A Radio Documentry by BBC reporter Patrick Gordon Walker
Listen to historic recording of a 1945 BBC broadcast from liberated Bergen-Belsen, a Nazi concentration camp, featuring the singing of “Hatikva” by the surviving Jewish prisoners. Allied troops liberated the camp on April 15, 1945.
Bergen-Belsen was a Nazi concentration camp in Lower Saxony, southwest of the town of Bergen near Celle. Between 1943 and 1945, an estimated 50,000 people died there, up to 35,000 of them dying of typhus in the first few months of 1945. On April 15, 1945, British forces liberated the Bergen-Belsen concentration camp in northern Germany. Sixty-thousand prisoners were living in the camp when the troops arrived, most of them seriously ill. Thousands more lay dead and unburied on the camp grounds.
BBC reporter Patrick Gordon Walker was among the press corps that entered Bergen-Belsen with the British troops that day. Over the next few weeks, he documented what he saw, recording the first Sabbath ceremony openly conducted on German soil since the beginning of the war, interviewing survivors, and speaking to British Tommies about what they had witnessed at liberation.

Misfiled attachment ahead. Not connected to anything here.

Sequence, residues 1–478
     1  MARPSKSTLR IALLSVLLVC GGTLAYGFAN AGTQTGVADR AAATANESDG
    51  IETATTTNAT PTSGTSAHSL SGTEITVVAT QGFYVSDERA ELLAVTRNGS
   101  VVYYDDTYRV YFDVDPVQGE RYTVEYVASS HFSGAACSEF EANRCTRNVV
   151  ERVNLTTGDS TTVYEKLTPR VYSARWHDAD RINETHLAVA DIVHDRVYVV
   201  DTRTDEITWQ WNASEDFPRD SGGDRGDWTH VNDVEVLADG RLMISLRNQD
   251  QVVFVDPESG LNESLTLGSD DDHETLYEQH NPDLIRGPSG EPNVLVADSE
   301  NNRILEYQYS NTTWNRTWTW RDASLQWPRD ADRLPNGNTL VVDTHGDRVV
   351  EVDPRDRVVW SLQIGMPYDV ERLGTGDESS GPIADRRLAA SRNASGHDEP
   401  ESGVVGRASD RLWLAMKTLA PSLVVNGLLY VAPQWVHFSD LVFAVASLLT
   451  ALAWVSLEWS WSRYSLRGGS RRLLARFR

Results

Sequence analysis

One of the people who heard Walker’s radio dispatches was soon-to-be-legendary folk-music producer Moe Asch. An engineer at the time at New York radio station WEVD, Asch recorded the shortwave broadcast onto an acetate disc. Decades later, the record was re-discovered at the Smithsonian Institution by historian Henry Sapoznik.
Transcript of the recording:
PATRICK GORDON WALKER: This is London calling North America.
The day I reached Belsen concentration camp, the fifth day of liberation, was a Friday, the day before the Jewish Sabbath.
Something like half the surviving prisoners at Belsen were Jews, and the Jewish chaplain to the British second army, the Reverend L. H. Hardman, held an eve-of-the-Sabbath service in the open air in the midst of the camp. It was the first Jewish service that many of the men and women present had taken part in for six years. And Probably the first Jewish service held on German soil in absolute security and without fear for a decade.
Around us lay the corpses that there had not been time to clear away, even after five days. Forty thousand or more had been cleared, but there were still one or two thousand around, and people were still lying down and dying in broad daylight in front of our eyes. This was the background to this open-air Jewish service.
During the service, the few hundred people gathered together were sobbing openly, with joy of their liberation and with sorrow of the memory of their parents and brothers and sisters that had been taken from them and gassed and burned.
These people knew they were being recorded. They wanted the world to hear their voice. They made a tremendous effort, which quite exhausted them. Listen:
Singing of “Hatikvah.”
L.H. HARDMAN: The children of Israel still liveth!